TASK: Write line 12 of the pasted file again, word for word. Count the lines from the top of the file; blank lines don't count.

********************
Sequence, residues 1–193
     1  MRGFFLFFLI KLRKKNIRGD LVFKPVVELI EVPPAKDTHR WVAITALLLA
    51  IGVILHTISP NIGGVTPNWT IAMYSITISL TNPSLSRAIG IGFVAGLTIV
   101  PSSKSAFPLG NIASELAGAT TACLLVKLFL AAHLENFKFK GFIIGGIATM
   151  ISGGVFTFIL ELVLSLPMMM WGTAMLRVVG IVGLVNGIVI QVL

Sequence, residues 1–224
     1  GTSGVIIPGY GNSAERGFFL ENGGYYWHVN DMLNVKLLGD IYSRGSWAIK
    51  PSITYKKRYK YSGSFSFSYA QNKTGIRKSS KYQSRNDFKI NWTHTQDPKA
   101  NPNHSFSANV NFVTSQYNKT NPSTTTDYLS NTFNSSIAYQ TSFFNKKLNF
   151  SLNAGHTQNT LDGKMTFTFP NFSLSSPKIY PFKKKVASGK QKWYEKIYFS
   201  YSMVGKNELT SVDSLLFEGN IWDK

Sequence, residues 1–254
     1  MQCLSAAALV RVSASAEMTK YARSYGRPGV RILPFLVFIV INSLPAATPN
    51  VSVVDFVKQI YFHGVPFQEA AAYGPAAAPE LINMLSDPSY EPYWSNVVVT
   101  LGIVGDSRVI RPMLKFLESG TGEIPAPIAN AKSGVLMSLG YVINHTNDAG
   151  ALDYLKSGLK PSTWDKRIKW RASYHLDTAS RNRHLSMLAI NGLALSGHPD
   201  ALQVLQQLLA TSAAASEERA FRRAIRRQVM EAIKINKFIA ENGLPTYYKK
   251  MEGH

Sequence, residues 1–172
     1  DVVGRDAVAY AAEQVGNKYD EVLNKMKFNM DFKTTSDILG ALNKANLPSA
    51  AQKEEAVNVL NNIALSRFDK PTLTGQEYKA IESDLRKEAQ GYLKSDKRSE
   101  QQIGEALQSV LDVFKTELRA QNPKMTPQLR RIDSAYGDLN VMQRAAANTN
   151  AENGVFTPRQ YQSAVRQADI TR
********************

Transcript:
Sequence, residues 1–254